Without a legislative deal over raising the nation's borrowing limit and a long-term plan to deal with budget deficits, Republican and Democratic negotiators are racing to meet an August 2 deadline before the federal government runs out of cash.
The Democratic-controlled Senate is placed in an awkward position in these negotiations. They'll have to vote on any agreement.
But the GOP-controlled House has been in the driver's seat for much of the negotiations with the Obama Administration.
Senator Amy Klobuchar, D-Minn., said she and colleagues from both parties have informally discussed ways to devise a long-term plan to cut the deficit so that Republicans will grant a debt-ceiling increase.
With House Republicans divided between those who want a deal and those who stand against raising the debt limit, Klobuchar believes her chamber is ready to step in.
"I believe that there is a strong possibility we'll get something done and that it will probably start in the Senate," Klobuchar said.
Already, one emerging plan comes from Senate Republican Minority leader Mitch McConnell of Kentucky and is getting attention from both sides of the aisle.
It's a complicated — some even call it cunning — plan to raise the debt limit in a manner that allows Republicans from both chambers avoid having to vote for it.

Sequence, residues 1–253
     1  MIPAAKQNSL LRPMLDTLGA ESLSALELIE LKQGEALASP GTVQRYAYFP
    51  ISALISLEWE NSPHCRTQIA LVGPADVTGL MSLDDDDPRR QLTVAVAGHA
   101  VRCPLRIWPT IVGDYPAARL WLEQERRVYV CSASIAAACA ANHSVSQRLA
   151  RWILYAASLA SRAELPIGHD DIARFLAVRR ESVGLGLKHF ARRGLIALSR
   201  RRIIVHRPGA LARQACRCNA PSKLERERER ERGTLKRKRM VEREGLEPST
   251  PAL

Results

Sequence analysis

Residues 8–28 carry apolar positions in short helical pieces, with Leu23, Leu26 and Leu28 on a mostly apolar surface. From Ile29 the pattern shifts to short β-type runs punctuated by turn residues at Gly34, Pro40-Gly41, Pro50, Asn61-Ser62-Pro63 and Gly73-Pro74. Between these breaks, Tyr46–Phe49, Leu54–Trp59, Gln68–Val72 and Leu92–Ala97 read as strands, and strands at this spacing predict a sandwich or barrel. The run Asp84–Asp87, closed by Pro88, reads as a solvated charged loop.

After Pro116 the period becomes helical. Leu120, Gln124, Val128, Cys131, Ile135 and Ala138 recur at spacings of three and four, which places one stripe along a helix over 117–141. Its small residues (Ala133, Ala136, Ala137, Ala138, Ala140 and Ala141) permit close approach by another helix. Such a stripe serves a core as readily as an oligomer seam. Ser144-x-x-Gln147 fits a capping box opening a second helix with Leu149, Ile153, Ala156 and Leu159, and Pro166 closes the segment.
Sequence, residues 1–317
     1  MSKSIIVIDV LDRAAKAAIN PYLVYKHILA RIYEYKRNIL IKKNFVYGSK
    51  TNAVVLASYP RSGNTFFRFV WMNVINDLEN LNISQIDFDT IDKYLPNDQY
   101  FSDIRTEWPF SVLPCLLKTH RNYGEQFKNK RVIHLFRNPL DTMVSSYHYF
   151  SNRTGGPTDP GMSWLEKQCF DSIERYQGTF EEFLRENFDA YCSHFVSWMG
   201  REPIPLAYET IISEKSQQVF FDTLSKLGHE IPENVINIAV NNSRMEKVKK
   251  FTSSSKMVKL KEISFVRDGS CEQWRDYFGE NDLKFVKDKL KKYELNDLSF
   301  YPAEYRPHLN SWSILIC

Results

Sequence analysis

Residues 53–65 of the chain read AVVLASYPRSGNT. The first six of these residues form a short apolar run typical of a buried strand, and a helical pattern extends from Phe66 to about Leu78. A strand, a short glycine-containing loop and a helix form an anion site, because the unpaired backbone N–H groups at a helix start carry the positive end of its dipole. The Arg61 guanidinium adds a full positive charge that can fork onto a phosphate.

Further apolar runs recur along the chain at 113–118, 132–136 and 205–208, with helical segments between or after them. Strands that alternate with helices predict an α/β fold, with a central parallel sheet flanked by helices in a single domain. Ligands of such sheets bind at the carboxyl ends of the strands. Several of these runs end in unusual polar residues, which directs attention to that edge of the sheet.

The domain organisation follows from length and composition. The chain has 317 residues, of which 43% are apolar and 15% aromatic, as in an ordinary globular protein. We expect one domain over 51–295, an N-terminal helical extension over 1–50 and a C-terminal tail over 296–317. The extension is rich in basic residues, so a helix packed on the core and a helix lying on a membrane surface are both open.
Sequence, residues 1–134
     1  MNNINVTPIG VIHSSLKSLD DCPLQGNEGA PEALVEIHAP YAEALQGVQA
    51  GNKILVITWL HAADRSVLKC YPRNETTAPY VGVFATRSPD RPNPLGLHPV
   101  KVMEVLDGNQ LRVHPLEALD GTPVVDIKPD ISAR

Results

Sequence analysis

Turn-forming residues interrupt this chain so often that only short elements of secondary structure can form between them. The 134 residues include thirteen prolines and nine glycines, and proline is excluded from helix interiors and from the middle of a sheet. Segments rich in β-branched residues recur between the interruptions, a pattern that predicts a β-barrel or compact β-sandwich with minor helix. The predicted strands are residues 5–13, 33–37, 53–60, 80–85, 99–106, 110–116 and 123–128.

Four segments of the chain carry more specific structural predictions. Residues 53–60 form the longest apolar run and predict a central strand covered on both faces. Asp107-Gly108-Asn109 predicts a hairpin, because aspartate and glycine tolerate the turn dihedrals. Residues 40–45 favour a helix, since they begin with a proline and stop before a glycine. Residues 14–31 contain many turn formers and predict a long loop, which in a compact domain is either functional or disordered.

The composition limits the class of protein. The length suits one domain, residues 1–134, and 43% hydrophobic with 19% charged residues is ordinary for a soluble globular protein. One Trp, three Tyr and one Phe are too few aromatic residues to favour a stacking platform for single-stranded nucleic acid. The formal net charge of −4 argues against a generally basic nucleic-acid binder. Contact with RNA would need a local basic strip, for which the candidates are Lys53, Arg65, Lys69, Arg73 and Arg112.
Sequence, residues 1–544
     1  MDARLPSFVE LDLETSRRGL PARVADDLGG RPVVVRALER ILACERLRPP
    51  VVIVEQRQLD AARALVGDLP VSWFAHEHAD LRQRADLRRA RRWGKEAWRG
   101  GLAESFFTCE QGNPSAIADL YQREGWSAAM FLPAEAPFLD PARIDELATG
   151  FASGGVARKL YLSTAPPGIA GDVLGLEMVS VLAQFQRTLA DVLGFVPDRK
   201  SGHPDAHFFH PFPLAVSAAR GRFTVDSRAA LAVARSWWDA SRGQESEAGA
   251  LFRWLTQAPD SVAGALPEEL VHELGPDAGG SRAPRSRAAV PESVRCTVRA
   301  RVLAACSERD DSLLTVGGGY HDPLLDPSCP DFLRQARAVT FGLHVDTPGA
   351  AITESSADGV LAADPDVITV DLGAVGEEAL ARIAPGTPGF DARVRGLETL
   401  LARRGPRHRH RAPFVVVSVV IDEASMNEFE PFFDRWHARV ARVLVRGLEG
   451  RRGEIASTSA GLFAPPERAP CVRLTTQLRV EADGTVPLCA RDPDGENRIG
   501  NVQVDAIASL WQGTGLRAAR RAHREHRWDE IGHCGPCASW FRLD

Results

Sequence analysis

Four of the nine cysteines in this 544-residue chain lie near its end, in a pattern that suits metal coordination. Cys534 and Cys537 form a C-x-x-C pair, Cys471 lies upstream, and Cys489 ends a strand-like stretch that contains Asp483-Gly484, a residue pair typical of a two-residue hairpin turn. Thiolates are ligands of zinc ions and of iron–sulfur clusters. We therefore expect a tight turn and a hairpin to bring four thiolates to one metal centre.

Both Klobuchar and fellow Minnesota Sen. Al Franken say they're pleased at least some Republicans are willing to raise the debt limit to prevent a federal default.
But Franken said he's concerned about some of the proposals on the table, including cuts to Medicaid and Medicare.
"I think we do have to move our budget toward balance, but we have to do it in a balanced way," Franken said. "And I don't think that taking it out of the hide of poor kids who are sick, or seniors who are in nursing care is the way to do it.
Klobuchar agreed, and said she'd prefer to avoid making cuts that hurt low-income people and seniors enrolled in Medicaid and Medicare.
Instead, she would prefer to cut big corporate tax breaks — especially for the oil industry — rather than cuts that hit the poor and the middle class.
There's one very popular tax break that Klobuchar does think should be changed — the home mortgage interest deduction. She'd like to limit the tax break to the first $500,000 of a mortgage.
"That way if someone bought a million dollar home, they could still get it up to $500,000 in value," Klobbuchar said. "That brings in tens of billions of dollars every single year."
As time ticks down to the August 2 deadline, Klobuchar said there's a major obstacle to getting a deal done: the Senate's rules of order.
"One of the things that people don't understand is that the Senate can't just go up to August 1st. Because of the way our rules are, we need a week," Klobuchar said.
That means a deal needs to be made by the end of next week in order for the Senate to have time to debate. No talks are planned for this weekend. Franken said he may have to hold his nose to vote for any deal that is struck.
"I'm not drawing any lines in the sand because it's obviously crucial that we have to raise the debt ceiling," Franken said.